An artistic exploration of some archaeological theory.

11 February 2007

Reflexive Representations [4]: Sir Mortimer Wheeler

18 August – 04 September 2006
Digital Photomosaic
(90 × 110 cm)
Detail below.

This photomosaic depicts Sir Robert Eric Mortimer Wheeler (1890–1976), one of the most iconic British archaeologists of the twentieth century. During his archaeological career Wheeler was Director of the National Museum of Wales, Keeper of the London Museum, Director-General of Archaeology in India and Chair of the Institute of Archaeology, University College London. During the First World War he served with the Royal Artillery holding the rank of Major, being awarded the Military Cross for conspicuous gallantry and initiative. During the Second World War Wheeler earned the rank of Brigadier and served at both El Alamein, northern Africa and the Salerno landings in Italy. Wheeler excelled at warfare and archaeology with equal measure.

Wheeler’s major archaeological skills were demonstrated
through excavation, administrative organization, the creation of successful National Museums and the increased presentation of archaeology to the media and general public. Wheeler advanced archaeological method by following Lieutenant General Pitt-Rivers and working with Dame Kathleen Kenyon, and advocated the importance of stratigraphy. Whilst in India, Wheeler conducted now classic excavations at Harrappa and Mohenjo-daro in the Indus Valley, exploring the remains of the civilizations that lived there. Wheeler was one of the first who believed that archaeology needed public support, and utilized all available media to present the discipline to a mass audience. His most popular and famous book was entitled Still Digging (1956), in which he depicted his adventures in archaeology.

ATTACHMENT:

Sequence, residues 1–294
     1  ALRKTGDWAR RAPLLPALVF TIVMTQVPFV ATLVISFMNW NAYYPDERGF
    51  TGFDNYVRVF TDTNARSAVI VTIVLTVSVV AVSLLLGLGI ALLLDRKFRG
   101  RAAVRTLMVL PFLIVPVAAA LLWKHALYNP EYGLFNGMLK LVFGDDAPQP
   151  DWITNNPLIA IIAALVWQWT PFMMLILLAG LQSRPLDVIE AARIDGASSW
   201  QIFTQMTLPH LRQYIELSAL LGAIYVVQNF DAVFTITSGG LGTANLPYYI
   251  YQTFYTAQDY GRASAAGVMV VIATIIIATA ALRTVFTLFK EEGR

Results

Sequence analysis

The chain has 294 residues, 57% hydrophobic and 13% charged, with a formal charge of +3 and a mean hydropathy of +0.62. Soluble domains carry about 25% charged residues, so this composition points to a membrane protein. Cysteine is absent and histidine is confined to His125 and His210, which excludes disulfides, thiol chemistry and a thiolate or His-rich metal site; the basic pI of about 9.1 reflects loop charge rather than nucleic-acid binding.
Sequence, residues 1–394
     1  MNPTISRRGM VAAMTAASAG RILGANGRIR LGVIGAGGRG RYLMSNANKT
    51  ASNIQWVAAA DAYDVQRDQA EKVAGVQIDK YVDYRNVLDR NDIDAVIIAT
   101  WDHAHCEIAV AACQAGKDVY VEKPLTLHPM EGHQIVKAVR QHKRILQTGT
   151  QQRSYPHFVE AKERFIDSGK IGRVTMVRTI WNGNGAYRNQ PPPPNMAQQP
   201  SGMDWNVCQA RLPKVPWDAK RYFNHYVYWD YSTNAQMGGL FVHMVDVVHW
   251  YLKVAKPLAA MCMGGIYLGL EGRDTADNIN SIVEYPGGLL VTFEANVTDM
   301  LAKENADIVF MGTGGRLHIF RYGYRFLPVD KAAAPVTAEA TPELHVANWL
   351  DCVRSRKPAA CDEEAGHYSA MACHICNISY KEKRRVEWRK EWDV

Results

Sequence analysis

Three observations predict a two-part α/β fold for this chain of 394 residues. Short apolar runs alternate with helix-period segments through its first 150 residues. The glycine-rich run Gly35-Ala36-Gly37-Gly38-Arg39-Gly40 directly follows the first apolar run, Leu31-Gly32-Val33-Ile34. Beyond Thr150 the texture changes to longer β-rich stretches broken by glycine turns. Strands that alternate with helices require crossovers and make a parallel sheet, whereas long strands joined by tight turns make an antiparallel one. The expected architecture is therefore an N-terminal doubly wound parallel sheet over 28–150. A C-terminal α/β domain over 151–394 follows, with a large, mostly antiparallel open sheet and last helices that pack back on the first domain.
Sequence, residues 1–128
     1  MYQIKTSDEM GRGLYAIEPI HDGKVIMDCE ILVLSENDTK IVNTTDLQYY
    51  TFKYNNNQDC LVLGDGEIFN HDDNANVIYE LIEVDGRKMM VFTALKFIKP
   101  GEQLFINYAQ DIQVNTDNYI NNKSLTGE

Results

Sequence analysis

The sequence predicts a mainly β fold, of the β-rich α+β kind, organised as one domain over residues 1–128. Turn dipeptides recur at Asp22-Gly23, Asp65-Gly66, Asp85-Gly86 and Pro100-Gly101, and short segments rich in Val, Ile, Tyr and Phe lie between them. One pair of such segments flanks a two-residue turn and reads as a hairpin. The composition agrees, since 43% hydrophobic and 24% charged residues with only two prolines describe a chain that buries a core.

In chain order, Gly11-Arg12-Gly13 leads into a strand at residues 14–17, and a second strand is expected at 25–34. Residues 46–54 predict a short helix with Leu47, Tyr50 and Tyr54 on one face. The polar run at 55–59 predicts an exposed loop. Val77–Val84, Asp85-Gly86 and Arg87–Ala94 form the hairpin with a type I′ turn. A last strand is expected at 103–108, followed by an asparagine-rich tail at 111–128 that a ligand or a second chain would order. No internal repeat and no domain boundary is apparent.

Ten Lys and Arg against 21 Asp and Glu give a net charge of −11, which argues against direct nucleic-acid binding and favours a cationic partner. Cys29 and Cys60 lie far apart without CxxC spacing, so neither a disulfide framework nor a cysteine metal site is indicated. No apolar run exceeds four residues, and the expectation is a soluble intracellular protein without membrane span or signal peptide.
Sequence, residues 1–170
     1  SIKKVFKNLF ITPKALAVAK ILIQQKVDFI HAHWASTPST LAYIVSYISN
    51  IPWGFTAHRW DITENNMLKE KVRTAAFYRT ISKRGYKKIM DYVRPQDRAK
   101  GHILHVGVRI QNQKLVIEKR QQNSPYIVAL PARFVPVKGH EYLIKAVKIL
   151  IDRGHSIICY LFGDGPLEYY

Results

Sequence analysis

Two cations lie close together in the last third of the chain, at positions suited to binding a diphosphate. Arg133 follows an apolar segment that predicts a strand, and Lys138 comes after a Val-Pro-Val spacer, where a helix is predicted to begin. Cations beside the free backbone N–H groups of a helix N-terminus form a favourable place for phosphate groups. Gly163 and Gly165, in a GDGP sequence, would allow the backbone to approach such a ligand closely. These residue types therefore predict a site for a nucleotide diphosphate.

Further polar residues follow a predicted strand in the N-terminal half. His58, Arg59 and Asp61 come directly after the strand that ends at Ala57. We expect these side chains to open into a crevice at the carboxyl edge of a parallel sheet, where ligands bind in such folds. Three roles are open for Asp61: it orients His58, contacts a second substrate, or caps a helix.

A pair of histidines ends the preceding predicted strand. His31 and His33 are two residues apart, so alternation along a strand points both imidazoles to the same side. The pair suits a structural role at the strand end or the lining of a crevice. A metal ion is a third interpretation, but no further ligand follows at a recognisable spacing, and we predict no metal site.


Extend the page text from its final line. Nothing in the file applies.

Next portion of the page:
In this piece, the image is composed of a collage of 3262 ‘cell-images’ resulting from unfiltered searches for the words ‘warfare’, ‘Still Digging’, civilizations’, ‘national museum’ and ‘stratigraphythrough the Google ‘Image Search Engine’. Exploring the concept of stratigraphic method, this piece excavates the Google 'Image Search Engine', to further reveal the digital contexts of specific images. Just as each excavated deposit is characterized by a particular position in the composition and sequence of a site, digital and visual information is used to create a pattern or montage against which other elements of interpretation can be studied. In doing so, the Wheeler Photomosaic further illuminates how seemingly disparate elements from the world, when viewed from an appropriate perspective and distance, can generate new understandings and thoughts.

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